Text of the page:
UPDATE: Well, that escalated quickly:
….If the Democrats are successful in removing the President from office (which they will never be), it will cause a Civil War like fracture in this Nation from which our Country will never heal.” Pastor Robert Jeffress, @FoxNews
— Donald J. Trump (@realDonaldTrump) September 30, 2019
You’ll want to ask Sen. Cory Gardner, but we’re pretty sure no one in the White House “gets a merit badge” for threatening civil war. It’s tough to imagine this getting much worse, unless of course said civil war were to actually, you know, begin.
If you consider prayer for the nation to be a worthwhile endeavor, now would be a good time.
CBS News reports on another grim milestone reached by the Trump administration today, less then two weeks since the present full-stop crisis over President Donald Trump’s manipulation of the Ukrainian government to investigate the son of Democratic presidential candidate Joe Biden began:
More than half of Americans — and an overwhelming number of Democrats — say they approve of the fact that Congress has opened an impeachment inquiry into President Trump. But as the inquiry begins, there is no national consensus on how to assess the president’s actions…
Almost nine in 10 Democrats approve of the inquiry, and two-thirds strongly approve. Prior to the inquiry, some had wondered if taking up impeachment proceedings might divide a Democratic rank-and-file that has been long concerned with other policies like health care and guns. However, these findings suggest that it this is not the case: most moderate Democrats side with liberal Democrats in supporting impeachment proceedings. Of those who say they voted for a Democratic House candidate in 2018, nine in 10 feel this inquiry is necessary.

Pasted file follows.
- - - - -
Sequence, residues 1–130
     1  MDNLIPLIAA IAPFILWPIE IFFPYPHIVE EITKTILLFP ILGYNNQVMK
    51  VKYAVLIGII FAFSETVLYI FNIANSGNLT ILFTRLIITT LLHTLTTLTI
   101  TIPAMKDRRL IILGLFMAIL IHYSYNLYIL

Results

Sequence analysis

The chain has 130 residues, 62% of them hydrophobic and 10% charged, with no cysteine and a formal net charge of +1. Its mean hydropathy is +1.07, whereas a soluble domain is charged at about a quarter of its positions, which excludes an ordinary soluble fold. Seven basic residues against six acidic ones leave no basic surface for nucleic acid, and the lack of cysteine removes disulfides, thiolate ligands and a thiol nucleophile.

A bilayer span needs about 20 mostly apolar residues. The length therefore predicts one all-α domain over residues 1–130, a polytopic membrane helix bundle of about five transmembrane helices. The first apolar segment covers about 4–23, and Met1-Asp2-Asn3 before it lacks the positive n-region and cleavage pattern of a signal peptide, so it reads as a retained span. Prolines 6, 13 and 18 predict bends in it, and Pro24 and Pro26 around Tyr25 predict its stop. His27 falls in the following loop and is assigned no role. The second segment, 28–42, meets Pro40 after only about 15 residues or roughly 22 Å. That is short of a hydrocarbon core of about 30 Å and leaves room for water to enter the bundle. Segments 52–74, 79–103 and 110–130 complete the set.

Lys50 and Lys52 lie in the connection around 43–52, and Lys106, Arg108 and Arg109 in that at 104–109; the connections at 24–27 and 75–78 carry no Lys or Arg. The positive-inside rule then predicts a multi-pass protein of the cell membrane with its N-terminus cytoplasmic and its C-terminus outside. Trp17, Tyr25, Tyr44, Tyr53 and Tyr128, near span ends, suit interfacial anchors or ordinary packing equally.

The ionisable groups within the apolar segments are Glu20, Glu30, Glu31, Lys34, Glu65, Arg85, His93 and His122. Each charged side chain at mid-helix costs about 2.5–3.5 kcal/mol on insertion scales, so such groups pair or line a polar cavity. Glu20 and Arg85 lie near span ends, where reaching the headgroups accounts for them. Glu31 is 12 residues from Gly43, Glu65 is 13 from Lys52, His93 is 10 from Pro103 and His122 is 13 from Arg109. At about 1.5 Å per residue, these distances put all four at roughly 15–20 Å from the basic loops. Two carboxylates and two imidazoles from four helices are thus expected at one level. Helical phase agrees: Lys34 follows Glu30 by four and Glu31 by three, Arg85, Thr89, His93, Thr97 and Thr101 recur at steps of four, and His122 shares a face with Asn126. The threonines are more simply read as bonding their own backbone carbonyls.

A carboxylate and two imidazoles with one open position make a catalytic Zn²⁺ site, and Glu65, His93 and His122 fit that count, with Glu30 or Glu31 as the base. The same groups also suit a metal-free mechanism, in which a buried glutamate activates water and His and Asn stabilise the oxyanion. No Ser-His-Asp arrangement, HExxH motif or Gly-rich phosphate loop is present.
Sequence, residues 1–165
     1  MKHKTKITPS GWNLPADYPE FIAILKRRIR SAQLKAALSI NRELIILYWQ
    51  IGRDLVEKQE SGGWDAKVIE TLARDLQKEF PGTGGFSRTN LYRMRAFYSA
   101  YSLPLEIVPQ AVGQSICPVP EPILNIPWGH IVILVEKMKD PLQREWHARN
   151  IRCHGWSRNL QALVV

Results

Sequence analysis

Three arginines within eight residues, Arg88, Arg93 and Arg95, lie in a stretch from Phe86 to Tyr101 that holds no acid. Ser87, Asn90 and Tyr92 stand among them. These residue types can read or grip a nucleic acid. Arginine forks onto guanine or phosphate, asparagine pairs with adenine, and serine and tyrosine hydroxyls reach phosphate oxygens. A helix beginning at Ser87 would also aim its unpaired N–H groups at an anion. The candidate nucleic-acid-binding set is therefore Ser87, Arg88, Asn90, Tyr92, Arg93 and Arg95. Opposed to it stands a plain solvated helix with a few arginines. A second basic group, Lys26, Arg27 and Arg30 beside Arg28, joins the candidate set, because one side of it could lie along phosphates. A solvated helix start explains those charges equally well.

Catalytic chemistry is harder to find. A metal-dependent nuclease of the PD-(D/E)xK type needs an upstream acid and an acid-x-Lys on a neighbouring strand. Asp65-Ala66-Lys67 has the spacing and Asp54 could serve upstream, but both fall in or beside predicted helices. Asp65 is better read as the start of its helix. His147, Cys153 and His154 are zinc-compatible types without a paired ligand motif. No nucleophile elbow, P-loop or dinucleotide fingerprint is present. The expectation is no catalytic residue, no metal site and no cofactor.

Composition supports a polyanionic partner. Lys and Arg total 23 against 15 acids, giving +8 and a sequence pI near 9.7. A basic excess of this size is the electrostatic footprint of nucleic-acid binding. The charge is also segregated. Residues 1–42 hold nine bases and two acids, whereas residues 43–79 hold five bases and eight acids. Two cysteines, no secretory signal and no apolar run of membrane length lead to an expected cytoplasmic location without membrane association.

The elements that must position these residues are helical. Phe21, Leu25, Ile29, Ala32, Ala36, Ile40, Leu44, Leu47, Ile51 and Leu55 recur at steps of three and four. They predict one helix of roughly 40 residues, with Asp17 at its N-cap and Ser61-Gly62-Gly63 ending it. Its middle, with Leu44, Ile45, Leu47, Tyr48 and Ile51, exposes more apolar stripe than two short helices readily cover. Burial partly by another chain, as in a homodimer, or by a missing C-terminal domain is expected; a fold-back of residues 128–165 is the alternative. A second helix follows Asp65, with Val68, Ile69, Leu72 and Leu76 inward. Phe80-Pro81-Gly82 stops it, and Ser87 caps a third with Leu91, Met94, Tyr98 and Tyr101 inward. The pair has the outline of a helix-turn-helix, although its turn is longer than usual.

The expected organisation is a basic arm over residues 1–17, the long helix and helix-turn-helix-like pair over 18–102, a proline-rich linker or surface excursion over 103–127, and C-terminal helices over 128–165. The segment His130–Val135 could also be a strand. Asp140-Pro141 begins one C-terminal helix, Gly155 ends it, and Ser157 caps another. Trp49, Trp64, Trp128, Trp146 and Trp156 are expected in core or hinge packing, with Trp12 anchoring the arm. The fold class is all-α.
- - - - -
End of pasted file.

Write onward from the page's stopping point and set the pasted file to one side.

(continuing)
Characterizing the president’s actions in particular, just under one-third of Americans say the president’s handling of matters with Ukraine may have been improper but were nonetheless still legal. Just over a quarter, including most Republicans, says the president acted properly. Another four in 10, including most Democrats, feel he has acted illegally.
Despite the fact that a solid majority of Republicans believe President Trump’s pressuring of Ukraine to investigate Biden’s son were proper–or at least not impeachment-level offenses–the rapid shift in overall public opinion toward support for impeachment in only ten days underscores the straightforwardness of the case against Trump this time, compared to so many other scandals in Trump’s three years in office that arguably would have consumed less politically traumatic presidencies.
This rapid deterioration in Trump’s political outlook in the last ten days must be viewed in the context of the continuous rain of scandal that even preceded Trump’s election, with many Republicans like Sen. Cory Gardner of Colorado abandoning Trump in October of 2016 over the Access Hollywood rapey-tape–only to come crawling back after Trump’s unexpected minority-vote Electoral College victory. From the beginning of Trump’s presidency, fears that he would be in continuous violation of the constitutional Emoluments Clause as his properties raked in cash from foreign sources of influence have been proven right beyond the worst imaginations of his critics, and a lawsuit led by 200 Democrats in Congress is moving forward while Trump’s GOP defenders dismiss the suit as “presidential harassment.”